By: Jerrica Williams
On the field, Marcus “Trey” Greene wowed the crowd during half-time making beautiful music with his trumpet, but off the field, he was battling a common inherited disease affecting more than 100,000 people nationwide.
Sickle Cell is the most common inherited blood disorder in the U.S. Most patients living with sickle cell disease are of African descent. Patients often rely on regular blood transfusions to help manage disease complications, which may include severe pain, organ failure, and even strokes.
In 2015 Russell and Mary Greene lost their teenage son, Trey, after his lifelong battle with sickle cell disease. While battling the disease, he experienced heart failure resulting in the need for a heart transplant. Sadly, over a year after receiving the transplant, there were complications and Trey experienced a second heart failure.
In honor of their son and to bring awareness to the need for blood donations for patients battling sickle cell disease and who need frequent blood transfusions, the Greene family hosted a successful blood drive in Madison, Georgia on December 13. Surpassing the collection goal of 15 pints, 17 pints were collected from community members who came out in support of Trey.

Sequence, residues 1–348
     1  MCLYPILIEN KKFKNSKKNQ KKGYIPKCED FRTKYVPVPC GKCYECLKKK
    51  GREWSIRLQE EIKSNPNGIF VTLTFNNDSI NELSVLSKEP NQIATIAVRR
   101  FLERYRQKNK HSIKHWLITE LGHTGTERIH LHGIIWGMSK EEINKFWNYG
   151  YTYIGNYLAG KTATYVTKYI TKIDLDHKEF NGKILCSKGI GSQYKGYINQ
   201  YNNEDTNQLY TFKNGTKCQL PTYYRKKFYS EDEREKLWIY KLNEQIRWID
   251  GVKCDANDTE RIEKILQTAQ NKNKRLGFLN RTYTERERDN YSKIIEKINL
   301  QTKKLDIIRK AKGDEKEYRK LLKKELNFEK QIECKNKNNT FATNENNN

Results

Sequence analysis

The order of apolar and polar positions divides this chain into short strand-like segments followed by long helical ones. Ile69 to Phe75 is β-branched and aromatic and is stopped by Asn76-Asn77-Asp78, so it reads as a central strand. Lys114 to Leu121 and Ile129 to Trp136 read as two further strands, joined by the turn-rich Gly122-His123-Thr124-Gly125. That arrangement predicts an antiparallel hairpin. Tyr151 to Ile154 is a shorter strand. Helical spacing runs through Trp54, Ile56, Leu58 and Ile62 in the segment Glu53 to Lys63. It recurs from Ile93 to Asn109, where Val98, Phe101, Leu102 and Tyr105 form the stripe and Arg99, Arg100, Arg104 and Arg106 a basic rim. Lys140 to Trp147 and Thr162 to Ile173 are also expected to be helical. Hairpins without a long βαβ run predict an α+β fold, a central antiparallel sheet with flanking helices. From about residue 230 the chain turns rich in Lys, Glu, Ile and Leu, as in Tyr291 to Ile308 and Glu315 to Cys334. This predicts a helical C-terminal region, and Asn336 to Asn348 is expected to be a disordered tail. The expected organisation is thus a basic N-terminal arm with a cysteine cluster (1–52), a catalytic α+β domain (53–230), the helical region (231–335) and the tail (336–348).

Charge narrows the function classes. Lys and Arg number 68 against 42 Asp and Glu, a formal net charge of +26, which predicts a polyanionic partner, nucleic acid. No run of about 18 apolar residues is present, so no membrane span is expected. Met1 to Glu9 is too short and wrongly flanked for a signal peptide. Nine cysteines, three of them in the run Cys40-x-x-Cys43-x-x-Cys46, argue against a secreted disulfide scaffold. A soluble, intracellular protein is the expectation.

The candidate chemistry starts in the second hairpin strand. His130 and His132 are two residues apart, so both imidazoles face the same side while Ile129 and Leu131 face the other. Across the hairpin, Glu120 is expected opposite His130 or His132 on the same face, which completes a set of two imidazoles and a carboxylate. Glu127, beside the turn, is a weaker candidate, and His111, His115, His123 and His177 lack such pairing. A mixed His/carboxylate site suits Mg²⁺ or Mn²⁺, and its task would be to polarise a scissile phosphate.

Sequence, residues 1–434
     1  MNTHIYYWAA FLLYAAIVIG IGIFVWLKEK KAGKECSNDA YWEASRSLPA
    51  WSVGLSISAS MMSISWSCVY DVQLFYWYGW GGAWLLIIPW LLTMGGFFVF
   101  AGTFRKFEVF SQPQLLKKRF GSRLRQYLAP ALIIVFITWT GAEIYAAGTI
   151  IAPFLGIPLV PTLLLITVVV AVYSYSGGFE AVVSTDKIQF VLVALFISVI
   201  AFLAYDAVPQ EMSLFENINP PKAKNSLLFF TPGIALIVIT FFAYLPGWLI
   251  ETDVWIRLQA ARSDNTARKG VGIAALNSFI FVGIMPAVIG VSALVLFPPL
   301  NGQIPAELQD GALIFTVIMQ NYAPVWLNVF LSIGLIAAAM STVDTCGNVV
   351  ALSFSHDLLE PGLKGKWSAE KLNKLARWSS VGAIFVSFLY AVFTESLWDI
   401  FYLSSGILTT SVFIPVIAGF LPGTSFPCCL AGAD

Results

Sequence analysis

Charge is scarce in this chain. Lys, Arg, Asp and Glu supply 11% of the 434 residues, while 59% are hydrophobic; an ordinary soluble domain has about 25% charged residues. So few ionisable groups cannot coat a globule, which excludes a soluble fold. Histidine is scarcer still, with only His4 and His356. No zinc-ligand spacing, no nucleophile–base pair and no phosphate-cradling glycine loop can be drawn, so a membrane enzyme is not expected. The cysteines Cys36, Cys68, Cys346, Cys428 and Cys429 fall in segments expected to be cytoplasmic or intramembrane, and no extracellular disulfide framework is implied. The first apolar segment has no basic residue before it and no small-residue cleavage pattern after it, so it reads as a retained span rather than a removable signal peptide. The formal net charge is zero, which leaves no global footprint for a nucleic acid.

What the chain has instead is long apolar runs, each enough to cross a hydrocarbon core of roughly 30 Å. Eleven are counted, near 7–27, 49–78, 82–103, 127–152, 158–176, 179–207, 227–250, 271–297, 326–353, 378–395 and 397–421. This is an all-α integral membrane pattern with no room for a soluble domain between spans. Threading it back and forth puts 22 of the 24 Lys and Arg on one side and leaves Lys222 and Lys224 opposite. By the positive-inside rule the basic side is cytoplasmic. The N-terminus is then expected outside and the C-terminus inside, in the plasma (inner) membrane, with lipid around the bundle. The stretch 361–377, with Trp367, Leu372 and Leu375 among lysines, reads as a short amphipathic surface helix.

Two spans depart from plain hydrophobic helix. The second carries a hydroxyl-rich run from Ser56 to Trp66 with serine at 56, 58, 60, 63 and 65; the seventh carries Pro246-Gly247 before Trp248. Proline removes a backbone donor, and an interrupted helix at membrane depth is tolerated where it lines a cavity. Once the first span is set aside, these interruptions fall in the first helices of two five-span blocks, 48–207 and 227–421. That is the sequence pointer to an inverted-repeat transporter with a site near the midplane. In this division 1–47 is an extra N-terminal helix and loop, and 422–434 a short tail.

“Trey loved to give, and he loved people. So, we are giving back in memory of him”, says Mr. Greene. “Let Trey’s memory be the voice for sickle cell in the rural communities.”
Trey spent his youthful years involved in the marching band at Clarke Central High School where he played the trumpet. Having played the instrument since he was in sixth grade, this was one of his favorite activities.
Mr. and Mrs. Greene plan to continue hosting blood drives in memory of their son. “We hope this will bring awareness to both sickle cell and heart disease”, says Mrs. Greene.
The American Red Cross launched a national Sickle Cell initiative to grow the number of blood donors who are Black to help patients with sickle cell disease and improve health outcomes.
To learn more about the importance of blood donations from the African American community, please visit RedCrossBlood.org/OurBlood.